Effects of heat and chemical treatments on fecal glucocorticoid measurements: Implications for sample transport

Joshua J. Millspaugh, Brian E. Washburn, Mark A. Milanick, Rob Slotow, Gus Van Dyk

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37 Scopus citations


The United States Department of Agriculture requires that fecal material shipped to the United States from foreign countries be treated with heat or chemicals to kill potential pathogens and prevent disease transmission. However, these treatments could affect fecal steroid metabolite measures. We evaluated whether treating feces of white-tailed deer (Odocoileus virginianus) and elk (Cervus elaphus) with 10% formalin, 2% acetic acid, 90% ethanol, 2% sodium hydroxide or autoclaving and shipping influenced fecal glucocorticoid concentrations. We applied treatments to feces collected fresh and frozen (n=20 individual deer samples, n=20 individual elk samples), including a shipping period of 6 days. We also shipped untreated samples. A control sample was retained frozen in the lab (no treatment and no shipping). We used a radioimmunoassay procedure previously validated for deer and elk to quantify fecal glucocorticoid metabolites. Upon returning to our lab, samples had partially thawed, although the innermost portion of the sample remained frozen. Deer and elk fecal glucocorticoid concentrations were significantly altered by heat and chemical treatments (F6,114=6.85, P<0.0001; F6,114=28.08, P<0.0001, respectively), although treatments were not consistent by species. Fecal glucocorticoid metabolites in shipped autoclaved deer feces were significantly higher than the control (F1,19=58.2, P<0.0001). In contrast, the 10% formalin treatment significantly decreased fecal glucocorticoid concentrations (F1,19=5.38, P=0.03). The shipped and untreated deer samples were nearly 20% higher than the control; however, this difference was not significant (F1,19=3.38, P=0.08). For elk samples, 2% sodium hydroxide (F1,19=48.73, P<0.0001) and formalin (F1,19=20.21, P=0.0002) significantly reduced fecal glucocorticoid levels compared with the control. Also, ethanol (F1,19=4.84, P=0.04) and autoclaving elk feces (F1,19=13.08, P=0.002) significantly increased fecal steroid concentrations. Fecal glucocorticoid concentrations in shipped and untreated elk samples were significantly less than the control (F1,19=7.48, P=0.01). Immersing deer and elk samples in a 2% acetic acid treatment had the least impact on fecal glucocorticoid metabolite measures; on average these samples were <2% different from the control for deer and <6% for elk. We recommend a 2% acetic acid solution when treatment is necessary (i.e., international shipping) or thawing is possible. Irrespective of the treatment used, samples should remain frozen during shipment to prevent microbial metabolism of fecal material.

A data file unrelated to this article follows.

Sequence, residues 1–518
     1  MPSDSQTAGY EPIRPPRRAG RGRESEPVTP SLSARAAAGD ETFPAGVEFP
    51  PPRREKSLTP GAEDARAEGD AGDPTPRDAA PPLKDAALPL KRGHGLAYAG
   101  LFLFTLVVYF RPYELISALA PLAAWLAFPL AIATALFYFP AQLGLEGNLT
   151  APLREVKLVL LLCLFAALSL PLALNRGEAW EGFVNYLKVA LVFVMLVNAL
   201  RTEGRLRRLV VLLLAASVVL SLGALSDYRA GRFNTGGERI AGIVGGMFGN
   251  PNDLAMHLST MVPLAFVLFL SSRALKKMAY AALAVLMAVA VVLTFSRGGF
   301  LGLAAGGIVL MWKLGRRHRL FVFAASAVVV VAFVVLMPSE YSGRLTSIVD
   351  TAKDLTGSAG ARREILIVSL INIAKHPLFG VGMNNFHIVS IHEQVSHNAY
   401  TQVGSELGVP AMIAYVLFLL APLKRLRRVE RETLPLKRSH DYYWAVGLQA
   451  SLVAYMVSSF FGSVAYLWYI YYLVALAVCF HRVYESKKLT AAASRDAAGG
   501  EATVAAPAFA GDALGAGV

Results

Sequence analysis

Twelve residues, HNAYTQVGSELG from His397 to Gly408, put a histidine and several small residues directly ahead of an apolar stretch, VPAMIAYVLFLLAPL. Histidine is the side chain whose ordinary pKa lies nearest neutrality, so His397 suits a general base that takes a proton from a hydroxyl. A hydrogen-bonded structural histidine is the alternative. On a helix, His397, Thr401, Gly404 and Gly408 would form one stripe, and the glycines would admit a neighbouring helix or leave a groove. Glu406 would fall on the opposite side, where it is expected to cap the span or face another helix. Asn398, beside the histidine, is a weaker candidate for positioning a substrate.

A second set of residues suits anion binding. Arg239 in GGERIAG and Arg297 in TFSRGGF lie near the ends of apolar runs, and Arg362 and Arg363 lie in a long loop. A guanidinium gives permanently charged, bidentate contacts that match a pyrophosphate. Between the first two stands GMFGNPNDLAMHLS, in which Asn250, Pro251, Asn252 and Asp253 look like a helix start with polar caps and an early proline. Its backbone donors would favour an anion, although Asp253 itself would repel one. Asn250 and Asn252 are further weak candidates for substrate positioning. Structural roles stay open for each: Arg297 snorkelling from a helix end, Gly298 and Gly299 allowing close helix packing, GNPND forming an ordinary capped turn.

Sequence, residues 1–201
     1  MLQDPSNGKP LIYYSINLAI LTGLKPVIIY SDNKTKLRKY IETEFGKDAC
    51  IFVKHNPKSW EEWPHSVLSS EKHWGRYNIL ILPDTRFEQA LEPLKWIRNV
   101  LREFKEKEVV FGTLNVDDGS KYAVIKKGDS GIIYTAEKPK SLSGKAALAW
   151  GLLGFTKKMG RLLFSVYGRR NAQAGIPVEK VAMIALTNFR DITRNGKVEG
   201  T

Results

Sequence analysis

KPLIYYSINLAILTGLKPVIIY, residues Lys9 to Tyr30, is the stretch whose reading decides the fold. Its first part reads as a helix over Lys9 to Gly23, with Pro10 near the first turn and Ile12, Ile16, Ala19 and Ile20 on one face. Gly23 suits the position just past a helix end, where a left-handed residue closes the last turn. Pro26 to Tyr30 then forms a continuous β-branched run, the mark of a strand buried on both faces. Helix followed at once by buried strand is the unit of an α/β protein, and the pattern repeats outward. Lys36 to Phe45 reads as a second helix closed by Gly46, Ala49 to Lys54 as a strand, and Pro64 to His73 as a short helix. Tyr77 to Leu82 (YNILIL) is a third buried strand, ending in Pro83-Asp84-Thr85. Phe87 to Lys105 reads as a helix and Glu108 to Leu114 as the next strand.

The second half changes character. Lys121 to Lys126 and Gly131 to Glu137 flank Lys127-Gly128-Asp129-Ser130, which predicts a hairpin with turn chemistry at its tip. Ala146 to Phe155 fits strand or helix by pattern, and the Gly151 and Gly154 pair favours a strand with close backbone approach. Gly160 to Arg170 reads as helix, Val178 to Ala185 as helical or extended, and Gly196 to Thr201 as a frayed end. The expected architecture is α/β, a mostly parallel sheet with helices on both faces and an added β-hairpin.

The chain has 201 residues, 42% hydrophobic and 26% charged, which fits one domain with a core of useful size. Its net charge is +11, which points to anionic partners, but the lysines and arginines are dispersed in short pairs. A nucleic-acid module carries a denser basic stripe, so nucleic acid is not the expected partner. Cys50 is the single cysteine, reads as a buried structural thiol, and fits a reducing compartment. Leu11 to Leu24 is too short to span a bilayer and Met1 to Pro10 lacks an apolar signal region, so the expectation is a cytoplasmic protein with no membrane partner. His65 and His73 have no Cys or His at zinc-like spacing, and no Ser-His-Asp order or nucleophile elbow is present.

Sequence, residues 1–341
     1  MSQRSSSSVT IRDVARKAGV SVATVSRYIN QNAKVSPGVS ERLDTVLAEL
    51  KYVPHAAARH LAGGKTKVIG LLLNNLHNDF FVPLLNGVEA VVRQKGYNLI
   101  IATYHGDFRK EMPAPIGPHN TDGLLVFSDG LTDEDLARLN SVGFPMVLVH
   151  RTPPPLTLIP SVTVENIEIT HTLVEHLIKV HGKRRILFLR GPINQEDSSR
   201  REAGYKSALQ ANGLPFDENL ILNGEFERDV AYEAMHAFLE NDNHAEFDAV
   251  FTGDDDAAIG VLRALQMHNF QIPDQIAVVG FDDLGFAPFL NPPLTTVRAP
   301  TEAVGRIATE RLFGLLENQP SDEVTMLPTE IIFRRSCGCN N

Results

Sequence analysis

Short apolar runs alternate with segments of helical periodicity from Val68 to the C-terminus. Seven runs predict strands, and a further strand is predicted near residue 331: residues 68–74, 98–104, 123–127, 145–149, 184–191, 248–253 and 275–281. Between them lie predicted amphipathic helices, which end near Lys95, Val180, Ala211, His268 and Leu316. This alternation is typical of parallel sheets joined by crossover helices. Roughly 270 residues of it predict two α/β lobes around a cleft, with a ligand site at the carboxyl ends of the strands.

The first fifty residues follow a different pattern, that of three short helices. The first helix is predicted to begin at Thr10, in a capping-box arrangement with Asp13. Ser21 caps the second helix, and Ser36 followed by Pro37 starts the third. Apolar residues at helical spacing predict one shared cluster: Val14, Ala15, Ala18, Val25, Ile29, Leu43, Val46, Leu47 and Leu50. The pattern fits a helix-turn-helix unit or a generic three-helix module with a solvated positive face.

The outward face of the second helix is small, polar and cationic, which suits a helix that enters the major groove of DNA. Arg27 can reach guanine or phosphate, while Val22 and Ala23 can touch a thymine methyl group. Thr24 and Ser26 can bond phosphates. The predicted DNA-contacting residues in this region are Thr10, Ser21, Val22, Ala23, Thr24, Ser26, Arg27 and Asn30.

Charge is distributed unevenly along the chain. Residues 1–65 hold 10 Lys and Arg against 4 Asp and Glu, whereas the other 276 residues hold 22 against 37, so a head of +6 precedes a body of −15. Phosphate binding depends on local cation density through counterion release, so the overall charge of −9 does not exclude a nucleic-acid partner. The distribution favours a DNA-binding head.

Original languageEnglish
Pages (from-to)399-406
Number of pages8
JournalWildlife Society Bulletin
Issue number2
StatePublished - Jun 2003


  • Cervus elaphus
  • Chemical treatment
  • Corticosterone
  • Cortisol
  • Fecal glucocorticoids
  • Feces
  • Heat treatment
  • International
  • Non-invasive
  • Odocoileus virginianus
  • Physiology
  • Sampling protocol
  • Shipping
  • Stress


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